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I dont think the motor vehicle law for open container would apply, but public intoxication, public open container, disorderly conduct, etc would apply. Also DUI would apply as it is worded vehicle, not motor vehicle.


dwillen
Participant
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I lived in a city without a non-vehicle open container law. You could drink a beer (or worse!) wherever you wanted.

Unfortunately the homeless population caught on, and migrated in droves. Police couldn’t cite them for anything, so they enacted a city ordinance against open containers. On the plus side, parks were exempt from the ordinance.


Kordite
Participant
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Ultimately, it depends on what is actually inside the flask. Ride with a flask and a cop is very likely to pull you over. When it turns out to only have iced tea or Gatorade inside he won’t be able to arrest you for that. He won’t be happy, though.


erok
Keymaster
#

but what about, say, on the Great Allegheny Passage?

you think the trail monitors will bust you?


netviln
Participant
#

well. its my understanding that on the gap trails themselves, they are privately owned. So whatever right of way or easement agreement there is is what you should abide by. Legally anyway. In my experience, as long as you arent flaunting and making an ass of yourself, people dont really care.


eMcK
Participant
#

So by the letter of the law here, standing on the sidewalk in front of my house with a beer could get me busted.

Also, since my van has no trunk, where do I put my flask while driving?


netviln
Participant
#

Standing on your sidewalk could get you arrested, yes by the letter of the law, but probably no in practice unless you are being an ass.

As far as the van, The intent of the law is that addresses accessibility. If it is on a seat in the back or on the floor in the back, then it isnt accessible. If the officer is being a douche and arrests you for it, the judge would likely throw it out.


sloaps
Participant
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I thought bikers put their hooch in nalgene bottles, or at least a used plastic soda bottle?


dwillen
Participant
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So by the letter of the law here, standing on the sidewalk in front of my house with a beer could get me busted.

In Pittsburgh, yep. But standing in your, or your neighbors (with permission) front yard is all good (provided you aren’t “disrupting the peace”). I can picture a scenario where someone exists a bar with beer in hand to have a smoke/phone call/whatever outside on the sidewalk and gets a citation for the beer. This is why most bars here have a big sign telling you can’t bring beer outside.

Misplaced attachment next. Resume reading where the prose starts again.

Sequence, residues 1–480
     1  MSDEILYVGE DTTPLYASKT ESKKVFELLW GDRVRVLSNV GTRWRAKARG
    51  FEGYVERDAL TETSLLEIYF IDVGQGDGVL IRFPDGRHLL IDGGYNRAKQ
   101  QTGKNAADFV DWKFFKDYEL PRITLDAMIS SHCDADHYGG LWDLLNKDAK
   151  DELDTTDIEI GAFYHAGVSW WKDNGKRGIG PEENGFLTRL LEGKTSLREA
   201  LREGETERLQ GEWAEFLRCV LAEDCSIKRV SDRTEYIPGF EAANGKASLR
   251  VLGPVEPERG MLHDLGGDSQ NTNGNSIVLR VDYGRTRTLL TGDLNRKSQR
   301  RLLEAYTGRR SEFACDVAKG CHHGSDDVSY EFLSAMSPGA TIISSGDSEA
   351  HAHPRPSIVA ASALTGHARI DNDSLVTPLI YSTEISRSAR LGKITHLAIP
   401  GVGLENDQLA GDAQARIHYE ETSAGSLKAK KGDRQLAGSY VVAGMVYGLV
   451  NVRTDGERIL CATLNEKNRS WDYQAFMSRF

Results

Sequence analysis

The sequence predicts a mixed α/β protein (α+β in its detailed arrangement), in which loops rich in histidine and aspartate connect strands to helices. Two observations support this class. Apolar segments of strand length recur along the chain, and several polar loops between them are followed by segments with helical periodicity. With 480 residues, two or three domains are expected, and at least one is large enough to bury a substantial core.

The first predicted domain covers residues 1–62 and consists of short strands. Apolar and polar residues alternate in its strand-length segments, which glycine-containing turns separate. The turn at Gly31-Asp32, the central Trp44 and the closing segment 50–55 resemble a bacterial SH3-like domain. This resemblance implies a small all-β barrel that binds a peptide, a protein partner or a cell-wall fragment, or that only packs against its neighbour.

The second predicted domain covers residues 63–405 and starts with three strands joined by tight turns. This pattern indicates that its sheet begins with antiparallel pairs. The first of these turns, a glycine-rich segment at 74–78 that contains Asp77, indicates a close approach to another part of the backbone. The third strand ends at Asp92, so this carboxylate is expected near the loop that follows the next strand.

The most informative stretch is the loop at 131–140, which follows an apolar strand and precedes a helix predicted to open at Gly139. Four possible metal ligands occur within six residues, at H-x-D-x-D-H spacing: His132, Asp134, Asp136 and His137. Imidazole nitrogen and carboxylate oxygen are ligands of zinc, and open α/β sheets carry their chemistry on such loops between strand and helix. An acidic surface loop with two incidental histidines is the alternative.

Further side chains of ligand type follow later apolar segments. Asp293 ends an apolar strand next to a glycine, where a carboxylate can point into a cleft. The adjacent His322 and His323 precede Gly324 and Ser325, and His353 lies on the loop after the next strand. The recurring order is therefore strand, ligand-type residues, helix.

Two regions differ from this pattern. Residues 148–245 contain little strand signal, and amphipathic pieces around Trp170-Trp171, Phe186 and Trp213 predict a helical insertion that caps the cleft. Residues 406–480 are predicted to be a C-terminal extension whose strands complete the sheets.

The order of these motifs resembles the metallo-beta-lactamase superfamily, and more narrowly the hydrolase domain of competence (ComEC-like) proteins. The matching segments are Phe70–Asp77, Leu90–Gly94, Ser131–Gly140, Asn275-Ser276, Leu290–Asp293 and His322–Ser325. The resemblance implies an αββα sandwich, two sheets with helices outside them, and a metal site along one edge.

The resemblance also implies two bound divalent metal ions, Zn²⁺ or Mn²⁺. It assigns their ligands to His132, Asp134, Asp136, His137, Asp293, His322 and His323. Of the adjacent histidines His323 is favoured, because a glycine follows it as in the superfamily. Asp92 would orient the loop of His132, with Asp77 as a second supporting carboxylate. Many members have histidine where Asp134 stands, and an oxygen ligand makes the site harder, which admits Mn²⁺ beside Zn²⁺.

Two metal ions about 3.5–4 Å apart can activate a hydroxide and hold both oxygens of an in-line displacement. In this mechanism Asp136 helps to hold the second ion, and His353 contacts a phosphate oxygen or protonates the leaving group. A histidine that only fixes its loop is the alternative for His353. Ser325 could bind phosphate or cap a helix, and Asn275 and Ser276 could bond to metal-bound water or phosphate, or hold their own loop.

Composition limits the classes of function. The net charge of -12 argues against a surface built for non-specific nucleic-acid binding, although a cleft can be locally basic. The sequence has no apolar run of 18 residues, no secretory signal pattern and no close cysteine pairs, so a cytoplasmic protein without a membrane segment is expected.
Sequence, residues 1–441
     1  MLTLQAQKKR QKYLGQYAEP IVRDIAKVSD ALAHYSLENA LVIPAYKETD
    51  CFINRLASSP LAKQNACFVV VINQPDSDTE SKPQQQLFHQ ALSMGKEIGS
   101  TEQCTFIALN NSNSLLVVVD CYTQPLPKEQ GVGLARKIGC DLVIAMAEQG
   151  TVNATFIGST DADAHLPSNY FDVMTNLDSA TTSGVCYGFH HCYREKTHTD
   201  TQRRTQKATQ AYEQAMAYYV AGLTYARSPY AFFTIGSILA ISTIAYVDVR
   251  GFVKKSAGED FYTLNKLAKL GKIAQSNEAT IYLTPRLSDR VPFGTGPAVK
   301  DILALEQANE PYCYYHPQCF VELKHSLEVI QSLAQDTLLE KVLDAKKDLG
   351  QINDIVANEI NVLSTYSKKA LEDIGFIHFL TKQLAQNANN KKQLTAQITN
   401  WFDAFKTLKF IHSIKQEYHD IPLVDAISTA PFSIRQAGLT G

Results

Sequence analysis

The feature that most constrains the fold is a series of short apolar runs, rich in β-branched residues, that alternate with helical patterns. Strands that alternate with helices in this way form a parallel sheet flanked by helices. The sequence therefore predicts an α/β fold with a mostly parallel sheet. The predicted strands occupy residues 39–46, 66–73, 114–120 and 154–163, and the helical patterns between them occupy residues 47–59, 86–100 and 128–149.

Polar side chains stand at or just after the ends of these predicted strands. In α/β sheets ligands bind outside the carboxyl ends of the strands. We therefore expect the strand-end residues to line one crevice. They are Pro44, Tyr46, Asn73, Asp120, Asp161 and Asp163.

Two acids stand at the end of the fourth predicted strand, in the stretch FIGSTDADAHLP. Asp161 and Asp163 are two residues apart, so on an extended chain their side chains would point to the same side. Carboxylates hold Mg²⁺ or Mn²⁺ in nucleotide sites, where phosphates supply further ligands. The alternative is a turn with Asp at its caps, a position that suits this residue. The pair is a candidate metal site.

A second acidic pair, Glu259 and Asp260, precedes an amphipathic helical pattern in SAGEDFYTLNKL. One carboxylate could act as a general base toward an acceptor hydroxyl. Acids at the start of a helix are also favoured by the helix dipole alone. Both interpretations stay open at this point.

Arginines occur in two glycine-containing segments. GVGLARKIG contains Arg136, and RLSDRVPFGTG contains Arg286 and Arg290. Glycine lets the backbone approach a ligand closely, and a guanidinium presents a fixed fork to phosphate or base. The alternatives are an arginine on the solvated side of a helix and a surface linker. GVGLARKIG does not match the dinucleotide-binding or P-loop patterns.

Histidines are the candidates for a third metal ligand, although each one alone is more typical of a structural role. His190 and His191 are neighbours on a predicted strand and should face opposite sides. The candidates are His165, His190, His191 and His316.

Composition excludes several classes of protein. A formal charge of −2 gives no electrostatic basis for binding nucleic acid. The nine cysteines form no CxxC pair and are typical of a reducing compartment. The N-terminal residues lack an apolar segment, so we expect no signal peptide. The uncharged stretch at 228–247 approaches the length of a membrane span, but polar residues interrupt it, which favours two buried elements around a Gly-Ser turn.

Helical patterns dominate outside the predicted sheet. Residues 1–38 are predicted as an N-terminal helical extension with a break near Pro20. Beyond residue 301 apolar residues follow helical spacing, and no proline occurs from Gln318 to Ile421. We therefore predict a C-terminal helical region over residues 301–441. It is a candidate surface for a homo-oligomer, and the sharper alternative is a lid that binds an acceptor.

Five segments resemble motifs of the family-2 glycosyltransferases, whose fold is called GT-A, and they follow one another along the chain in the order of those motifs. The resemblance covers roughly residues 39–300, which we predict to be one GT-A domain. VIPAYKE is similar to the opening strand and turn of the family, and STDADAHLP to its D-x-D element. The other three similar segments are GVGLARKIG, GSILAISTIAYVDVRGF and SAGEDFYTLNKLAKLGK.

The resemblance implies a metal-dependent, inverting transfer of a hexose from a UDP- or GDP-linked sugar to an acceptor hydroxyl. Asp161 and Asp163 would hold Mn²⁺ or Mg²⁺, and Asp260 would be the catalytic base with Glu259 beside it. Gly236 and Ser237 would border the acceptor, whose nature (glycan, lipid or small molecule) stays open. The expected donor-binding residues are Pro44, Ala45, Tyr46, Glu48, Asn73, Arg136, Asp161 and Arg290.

Also, since my van has no trunk, where do I put my flask while driving?

Without having the relevant PA vehicle code its hard to say. I know in Minnesota we put alcohol (sealed or unsealed) as far back as possible.

Keep in mind that if you ever got in an accident though, whatever isn’t secured down is going to go flying around. You probably don’t want EMS pulling you out of a car with a flask of booze sitting right next to you.


dwillen
Participant
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double post :(


eMcK
Participant
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When I wrecked my pickup it had a case of empty beer bottles in the back, unsecured. When it flipped on the roof it made quite a mess.

Fortunately the Ohio State Trooper didn’t seem too worried about me being drunk at 10 o’clock in the morning. And I wasn’t so it all worked out. Except for the truck.


StuInMcCandless
Participant
#

Geez, if this open container law is that tough, I’m gonnahafta stop my habit of picking up glass beer bottles from roads and parking lots (to take home to recycle), and instead leave them where people will run them over and have a blowout and probably kill someone.

Almost always, when driving, I have a (dirt-covered, bone dry) beer container under the seat, as I’m always picking up empties, both glass and cans. And Wednesday morning I almost got dinged by a glass bottle that got run over whose shards went in 40 directions at some speed.


dwillen
Participant
#

City council just updated fines for open container violations. First offense (and presumably any thereafter) can now cost you up to $300.

http://www.post-gazette.com/pg/09355/1022618-100.stm


spakbros
Participant
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Also, since my van has no trunk, where do I put my flask while driving?

Let me preface this by stating that I have had many VW busses and by proxy have been pulled over countless times and searched.


spakbros
Participant
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Also, since my van has no trunk, where do I put my flask while driving?

Let me preface this by stating that I have had many VW busses and by proxy have been pulled over countless times and searched.

The trick is to get a locking briefcase or cheapo lockbox. The police then have to get a warrant to open the box even if it is sitting right next to you.

The best of all is if you can talk the DMV into giving you mobile home plates for it. I got them for one of my vans and, you guessed it, they then need a residential warrant to even open your door. SOOOOO many pissed off cops.


Ohiojeff
Participant
#

@stu–just keep a blue plastic bag in your car. Put the empties you pick up (and bless you for doing so) in it and *presto* recycling.

@spak, so driving a microbus is the best way to get pulled over?


Mick
Participant
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@spak, so driving a microbus is the best way to get pulled over?

Well…

Not just the micro-bus.

You have to get your weaving chops down to be best at being pulled over.


eMcK
Participant
#

Most old buses I’ve driven make you an expert at weaving, no talent or practice needed.


greenbike
Participant
#

How ’bout this?

props to, heh, Jay Leno for this one.